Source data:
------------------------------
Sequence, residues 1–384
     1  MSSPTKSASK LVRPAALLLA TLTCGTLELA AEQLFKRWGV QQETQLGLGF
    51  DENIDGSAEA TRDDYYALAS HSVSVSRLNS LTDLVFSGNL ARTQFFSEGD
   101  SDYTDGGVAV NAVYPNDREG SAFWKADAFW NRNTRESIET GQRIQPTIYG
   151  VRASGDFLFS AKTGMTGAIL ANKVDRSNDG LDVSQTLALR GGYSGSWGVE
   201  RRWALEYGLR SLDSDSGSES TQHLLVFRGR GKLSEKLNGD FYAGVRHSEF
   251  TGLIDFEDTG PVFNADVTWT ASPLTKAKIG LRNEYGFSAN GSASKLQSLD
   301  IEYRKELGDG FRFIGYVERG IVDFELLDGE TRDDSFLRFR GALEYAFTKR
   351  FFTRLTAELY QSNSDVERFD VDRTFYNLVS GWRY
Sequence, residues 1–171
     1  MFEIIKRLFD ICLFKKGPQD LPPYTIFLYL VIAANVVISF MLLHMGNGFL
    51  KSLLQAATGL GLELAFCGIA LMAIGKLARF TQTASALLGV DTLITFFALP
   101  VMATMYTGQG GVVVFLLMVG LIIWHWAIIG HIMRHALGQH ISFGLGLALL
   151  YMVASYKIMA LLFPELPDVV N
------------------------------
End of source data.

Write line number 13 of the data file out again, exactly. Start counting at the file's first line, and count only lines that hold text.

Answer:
   101  VMATMYTGQG GVVVFLLMVG LIIWHWAIIG HIMRHALGQH ISFGLGLALL